It’s not yet clear whether Cron will represent the Twins’ lone addition at first base/designated hitter this season following the retirement of Joe Mauer, but the fact that he was claimed at all makes it seem likely that they’ll tender him a contract this offseason. (The non-tender deadline looms on Friday.) Cron has ample experience at first base and has received slightly above-average marks there from both Defensive Runs Saved and Ultimate Zone Rating across the past three seasons combined.
Of course, Cron’s real calling card is right-handed power. The 28-year-old (29 in January) hit .253/.323/.493 with 30 homers, 28 doubles and a triple in 560 plate appearances for Tampa Bay this past season. The Rays, though, as they did with Corey Dickerson an offseason prior, elected to designate a fairly productive hitter for assignment in part due to salary concerns and in part because they undoubtedly believe the market will ultimately yield comparable production at a lesser price. Corner bats with limited defensive value haven’t been rewarded in free agency in recent years, and the Rays could either find a more affordable alternative or could simply go with in-house options like Jake Bauers, Ji-Man Choi or Nathaniel Lowe.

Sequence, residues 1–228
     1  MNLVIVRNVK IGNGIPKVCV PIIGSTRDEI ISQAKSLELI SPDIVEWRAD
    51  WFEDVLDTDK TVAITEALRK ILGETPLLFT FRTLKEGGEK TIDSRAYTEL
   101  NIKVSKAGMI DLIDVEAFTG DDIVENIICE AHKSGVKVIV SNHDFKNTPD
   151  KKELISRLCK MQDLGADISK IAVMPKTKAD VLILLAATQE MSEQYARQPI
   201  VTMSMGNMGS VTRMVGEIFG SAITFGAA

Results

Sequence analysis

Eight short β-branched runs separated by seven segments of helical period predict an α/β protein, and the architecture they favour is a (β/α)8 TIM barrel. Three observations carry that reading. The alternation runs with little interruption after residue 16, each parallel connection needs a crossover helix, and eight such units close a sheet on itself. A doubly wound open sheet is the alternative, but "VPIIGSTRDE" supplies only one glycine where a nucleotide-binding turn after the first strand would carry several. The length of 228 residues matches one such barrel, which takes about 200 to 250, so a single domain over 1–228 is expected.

Cron is projected by MLBTR contributor Matt Swartz to earn $5.2MM in 2019, making him a reasonably affordable add for Minnesota. Cron is controlled not only through 2019 but also through the 2020 season, so he could potentially be a multi-year piece for Minnesota if the organization is pleased with his 2019 output. Cron should have a fairly easy transition from Tampa Bay to Minnesota, weather not withstanding, as he’s plenty familiar with rookie manager Rocco Baldelli, who was on the Rays’ coaching staff last season as the team’s Major League field coordinator.